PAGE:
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Martha is dead review


Developer: LKA

Publisher: Wired Productions

Reviewed on: PS5

Also available on: PS4, Xbox One, Xbox Series S&X, PC

Release Date: Feb 24th 2022

Rating: R18

Price: $39.95


There aren’t many ways to tell a story in a more engaging way than through a game. Unlike in a book, film or show, a game allows you to control the camera and even put you in the driver’s seat and effectively connect the dots between cutscenes. Martha is Dead, developed by LKA, is a thriller that doesn’t pull any punches in the midst of taking the player through a journey of pain and psychological trauma.

The game boasts a great level of sound design and music. Each piece of narration is met with a dreary musical overture that feeds into the suspense and mystery of the narrative. There’s a core feature that requires the use of an old camera and it comes with many satisfying and authentic clicks, shifts and snaps when adjusting and using it. All of it comes together to keep you as immersed as possible.

The photography mechanic is a nice feature and it works really well, it’s intricate without being annoying. You can frame up objects in the world that are key to the main quest or you can take pictures of whatever else you like. However, taking the photos isn’t all. Each snap requires you to venture into a darkroom to develop the pictures in order to view them properly. The process is done in two steps that would be time consuming in real life but, LKA made sure to streamline it to avoid any tedium.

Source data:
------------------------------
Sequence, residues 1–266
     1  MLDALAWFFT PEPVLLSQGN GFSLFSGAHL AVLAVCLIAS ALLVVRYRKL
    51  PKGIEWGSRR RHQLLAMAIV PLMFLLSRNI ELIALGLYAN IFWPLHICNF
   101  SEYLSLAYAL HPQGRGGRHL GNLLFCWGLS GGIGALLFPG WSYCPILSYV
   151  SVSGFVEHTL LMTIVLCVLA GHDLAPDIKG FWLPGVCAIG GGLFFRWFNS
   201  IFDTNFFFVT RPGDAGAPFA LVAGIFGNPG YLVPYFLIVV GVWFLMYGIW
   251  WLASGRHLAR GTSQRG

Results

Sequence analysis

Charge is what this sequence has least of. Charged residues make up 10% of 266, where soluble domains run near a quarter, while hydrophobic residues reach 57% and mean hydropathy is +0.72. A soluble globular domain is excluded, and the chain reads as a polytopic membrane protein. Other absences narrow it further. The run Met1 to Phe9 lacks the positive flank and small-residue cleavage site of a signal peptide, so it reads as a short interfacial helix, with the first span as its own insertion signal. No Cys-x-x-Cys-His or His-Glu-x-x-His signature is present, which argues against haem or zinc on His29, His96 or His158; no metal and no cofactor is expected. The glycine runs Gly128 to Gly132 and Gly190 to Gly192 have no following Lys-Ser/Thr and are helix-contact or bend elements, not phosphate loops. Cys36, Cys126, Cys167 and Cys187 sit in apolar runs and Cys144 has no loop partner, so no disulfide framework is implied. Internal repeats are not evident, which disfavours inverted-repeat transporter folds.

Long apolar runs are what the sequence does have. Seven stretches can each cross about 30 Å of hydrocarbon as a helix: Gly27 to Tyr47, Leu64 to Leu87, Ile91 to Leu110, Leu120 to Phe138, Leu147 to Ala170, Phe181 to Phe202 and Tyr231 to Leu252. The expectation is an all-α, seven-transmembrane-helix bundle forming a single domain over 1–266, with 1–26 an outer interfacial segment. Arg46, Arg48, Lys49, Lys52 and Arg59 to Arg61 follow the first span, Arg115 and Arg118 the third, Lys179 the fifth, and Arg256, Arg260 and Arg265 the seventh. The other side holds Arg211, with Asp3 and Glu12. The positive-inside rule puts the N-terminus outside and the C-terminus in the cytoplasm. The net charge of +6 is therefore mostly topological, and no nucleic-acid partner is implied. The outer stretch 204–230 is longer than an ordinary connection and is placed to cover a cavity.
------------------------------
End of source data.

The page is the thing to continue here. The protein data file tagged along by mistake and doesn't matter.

The camera also has a range of accessories to discover which allow you to take photos in different lighting and settings. Aside from that, there isn’t much else to the gameplay side of things other than walking. One thing that enhances all of this however, is the haptic feedback. It’s used quite effectively and really adds a lot of weight to every action.

There’s a lot of great moments of discovery to make as the game doesn’t exactly tell you or hint at any collectables or side interactions, it’s all up to you.

Backtracking can feel a little tedious at times only because the layout or certain parts of the world can feel confusing and you move quite slowly even when running. That being said, there is the opportunity to use a bicycle to get around but it’s not available in all chapters. You also, by default, must hold the R2 button to interact with objects in the game but it probably would’ve felt a little bit nicer if it were simply a press.

The story is tragic and eerie but is also very engaging. It can get pretty uncomfortable but it succeeds at what it’s intending to be and the story it’s trying to tell. Obviously, there won’t be any spoilers here as it’s so core to the experience but it very much commits to its tone and delivery.

This game can be very disturbing but it’s all in service of telling an engaging tale that commits to the medium. There’s a slow and satisfying mechanic in the photography system that really opens up the level of exploration that can be achieved. This game won’t be necessarily enjoyed by everyone, as it covers some pretty dark subject matter, but there’s certainly an experience worth exploring for those who are comfortable with the kind of content in Martha is Dead.

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